|Fishers of Men
Artist: Fishers of Men
Time: 11 tracks/40:38
If you hunger for another Hootie or Third Day-type band, here it is. The intro of "Who to Believe" is almost identical to one of Hootie's radio hits. Otherwise, the music is solid, well-played, southern-tinged rock/alternative with deep-throated, happy-grunge vocals. A few songs get more aggressive and funky than the others. Completely unoriginal, but the youth group kids at Fishers of Men shows apparently love it. The lyrical focus is of course unabashedly evangelistic and full of phrases you can complete before the vocalist does. The song "Matthew 23:28" uses both the term "24-7" and the phrases "it's not religion, it's relationship" and "God's team," which will either cause you to sing along while nodding or visibly wince in pain, depending on your personal experience with Christian subculture. "If Jesus were a Backpack" tries to put a creative spin on the WWJD fad. If you want to book a rock band for your church or youth group, these guys will no doubt put on a dynamic show while being the "safest" band you could ask for. To be sure, the music here is completely competent and enjoyable rock (better than some major label releases), and these guys long to embody their name, but the lack of originality limits the size and strength of their net.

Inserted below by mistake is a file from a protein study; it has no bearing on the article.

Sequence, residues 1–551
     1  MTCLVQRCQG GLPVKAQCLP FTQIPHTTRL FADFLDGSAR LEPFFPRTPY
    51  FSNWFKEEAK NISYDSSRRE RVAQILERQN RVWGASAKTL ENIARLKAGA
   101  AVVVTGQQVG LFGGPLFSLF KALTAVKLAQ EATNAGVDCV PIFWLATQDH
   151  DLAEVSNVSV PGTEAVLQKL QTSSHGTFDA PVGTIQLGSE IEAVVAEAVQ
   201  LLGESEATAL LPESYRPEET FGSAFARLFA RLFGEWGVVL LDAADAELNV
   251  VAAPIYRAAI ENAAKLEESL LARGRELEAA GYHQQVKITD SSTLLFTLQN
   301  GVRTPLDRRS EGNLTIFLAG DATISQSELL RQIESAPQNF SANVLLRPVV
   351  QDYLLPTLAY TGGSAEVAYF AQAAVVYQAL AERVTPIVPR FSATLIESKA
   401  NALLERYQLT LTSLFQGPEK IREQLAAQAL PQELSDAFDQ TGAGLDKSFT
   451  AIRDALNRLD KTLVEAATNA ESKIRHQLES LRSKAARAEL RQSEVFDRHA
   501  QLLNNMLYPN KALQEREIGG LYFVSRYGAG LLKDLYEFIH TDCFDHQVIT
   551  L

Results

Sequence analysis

Moderate to high distortion levels and fast guitar licks are the
key to many of the tracks on this CD. "Turn Right," by far
the fastest track of the disc, features a lot of fuzz added to a rapid
guitar and a nicely punchy bass lick. Most of the remainder have an upbeat
tempo and have a more mainstream rock sound. With some leanings to
a harsher rock sound, the four member group executes a surprisingly good
balance of vocals and instrumentation. A couple of tunes also included
pick up a distinctively folk to southern-rock leaning.
Certainly energetic and inspirational, this album appears to have a lot in common with the South Carolina music scene, a la Hootie and the Blowfish or Big Head Todd. With the predominantly acoustic and clean-electric sound often associated with the rock coming from today's southeastern regions quite prevalent on this album, one might at first assume that Fishers of Men is trying to compete in an already-saturated market. However, the Fishers of Men certainly put up a good contest, and a closer listen divulges the fallacies in such an assumption; the band certainly appears to have a particular audience in mind, that being the Christian listener who wants to hear more than just your typical songs about booze and troubles. Instead, this album is very upbeat and particularly "pastoral" at the same time. As an added treat, the band turns up the tempo on "Think About It" and "Turn Right", showing they're capable of more than just slow and steady rock.
While I wasn't too excited to see them take up the controversial topic of evolution in the song "Who to Believe," the album is otherwise a solid effort. Check it out, you might be surprised.
By Corey Welton